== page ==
Book Review: Stalking Jack the Ripper

By: Amy Morrison

Jack the Ripper and his Autumn of Terror in 1888 is arguably one of the most infamous cold cases in the world. Forensic scientists, police, and regular citizens have been fascinated by the case for generations and while many people claim to have solved the case with modern methodology, the anonymity of Jack the Ripper will continue to enthrall people. With the fame of the case, many individuals have written books and produced movies based on the case and killer, many taking creative liberties to make the story more intriguing or give it a more satisfying ending. One such author is Kerri Maniscalco who used Jack the Ripper’s Autumn of Terror as the basis for her historical fiction novel Stalking Jack the Ripper.

The book is written in first person point of view and narrated by 17 year old Audrey Rose Wadsworth. The story follows Audrey Rose on her journey as a forensic assistant for her uncle, one of the coroners consulted during the Ripper murders and her personal fight against the society that expects her to be nothing more than a wife. As a woman in a scientific field in the 1800s, Audrey Rose is met mostly with skepticism and disagreement when it comes to her chosen field, especially from her father and aunt. Consistently throughout the book, Audrey Rose has to fight against society’s views of women as well as her own family who want her to be a “proper lady”. The reader experiences Audrey Rose’s struggle against society and her journey in finding the balance between femininity and being a scientist.

Through the chaos that Jack the Ripper brings, the story firmly focuses on Audrey Rose. She must face many ethical and moral problems throughout the book and the reader never sees her, nor any of the other characters, as two dimensional. All characters in the book are incredibly fleshed out and suffer with their own inner beasts, with Audrey Rose being no exception. With each murder, Audrey Rose is faced with more and more questions about the identity of Jack the Ripper as well as what she must do and sacrifice in order to catch him. Every step of the way, the way society wants her to act casts doubt on her abilities and on her own mind. Before being able  to catch the killer, Audrey Rose must be able to face her own inner demons.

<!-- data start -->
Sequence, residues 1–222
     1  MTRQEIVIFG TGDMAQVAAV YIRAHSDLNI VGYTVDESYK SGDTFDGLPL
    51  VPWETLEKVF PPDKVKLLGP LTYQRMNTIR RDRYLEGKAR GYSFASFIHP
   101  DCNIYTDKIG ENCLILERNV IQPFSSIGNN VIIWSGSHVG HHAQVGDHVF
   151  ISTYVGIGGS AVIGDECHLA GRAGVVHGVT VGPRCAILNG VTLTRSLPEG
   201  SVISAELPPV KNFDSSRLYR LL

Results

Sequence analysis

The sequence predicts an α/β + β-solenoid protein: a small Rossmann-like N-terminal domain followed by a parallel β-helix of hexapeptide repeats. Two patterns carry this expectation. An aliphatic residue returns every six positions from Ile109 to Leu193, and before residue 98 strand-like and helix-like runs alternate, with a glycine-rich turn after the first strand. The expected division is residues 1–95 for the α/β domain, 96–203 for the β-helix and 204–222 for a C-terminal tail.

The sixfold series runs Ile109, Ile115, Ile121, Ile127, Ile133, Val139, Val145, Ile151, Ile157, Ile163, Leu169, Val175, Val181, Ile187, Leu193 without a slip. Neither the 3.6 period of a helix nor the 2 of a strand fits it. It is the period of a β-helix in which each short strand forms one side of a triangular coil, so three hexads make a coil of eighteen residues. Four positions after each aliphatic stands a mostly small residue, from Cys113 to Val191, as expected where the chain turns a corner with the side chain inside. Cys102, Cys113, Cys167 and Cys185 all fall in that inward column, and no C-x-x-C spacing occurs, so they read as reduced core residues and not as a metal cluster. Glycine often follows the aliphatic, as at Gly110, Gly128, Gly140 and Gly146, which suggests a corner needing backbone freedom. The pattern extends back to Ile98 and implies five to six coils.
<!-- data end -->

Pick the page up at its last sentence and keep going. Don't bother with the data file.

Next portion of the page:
The author utilizes Audrey Rose, making it a statement about the human morals deciding what is right and wrong. The story is truly about self-actualization and being true to oneself in spite of other people’s view. Every decision Audrey Rose must make holds increasingly more weight and affects the outcome of the case as well as Audrey Rose herself. In Audrey Rose, the reader finds an unbelievably modern and relatable character whom they can look up to as a person who does what they feel called to do while still being undeniably themselves. 

Audrey Rose’s conviction to solve the case also bleeds into the reader’s wants as well. As the questions about the case continue to pile, the reader becomes more and more captivated by what the answer could be and how all loose ends may be tied up. These questions lead the reader by constantly keeping them enthralled and wanting to read more. Maniscalco does an amazing job of tying up major story points in satisfying ways while also keeping the readers invested to a point that they do not even realize that the book is over until they reach the last page. Who is Jack the Ripper? Kerri Maniscalco answers this centuries old question with a whole answer of her own.

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